estimate.
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And that gives us an estimate
of the standard deviation.
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When n is large, this estimate
is going to be very close to
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the true value.
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And so this estimate of the
standard deviation will also
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be very close to
the true value.
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Both of these options were
discussed for special cases
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where we have special structure
and we can derive an
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upper bound, or there is
a natural estimate
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that suggests itself.
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More generally, what
can we do?
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One general option is to
use a generic way of
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estimating the variance.
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And here's how it goes.
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The variance is, by definition,
the expected value
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of something, of this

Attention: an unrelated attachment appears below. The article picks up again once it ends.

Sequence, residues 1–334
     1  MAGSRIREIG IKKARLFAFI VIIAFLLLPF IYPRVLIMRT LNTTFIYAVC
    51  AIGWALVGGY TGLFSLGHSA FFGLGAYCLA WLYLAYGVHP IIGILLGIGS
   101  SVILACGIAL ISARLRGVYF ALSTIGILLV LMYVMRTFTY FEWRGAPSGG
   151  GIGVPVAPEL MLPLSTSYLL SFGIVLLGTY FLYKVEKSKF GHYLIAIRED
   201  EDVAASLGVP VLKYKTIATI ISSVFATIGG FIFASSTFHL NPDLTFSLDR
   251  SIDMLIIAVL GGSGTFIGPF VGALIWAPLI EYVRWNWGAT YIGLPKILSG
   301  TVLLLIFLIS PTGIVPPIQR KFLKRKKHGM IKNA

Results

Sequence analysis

expression.
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And we can estimate expected
values by taking several
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samples of this quantity, and
taking the average of them.
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So if we have n pieces of data,
for each piece of data,
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we calculate this quantity,
divide by n.
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And by the weak law of large
numbers, this is the sample
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mean of this particular
random variable.
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And it converges to
the expected value
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of this random variable.
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So that's how we could estimate
the variance.
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But there is a catch.
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This expression here
involves the mean
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of the random variable.
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And this is something
that we do not know.
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So what can we do?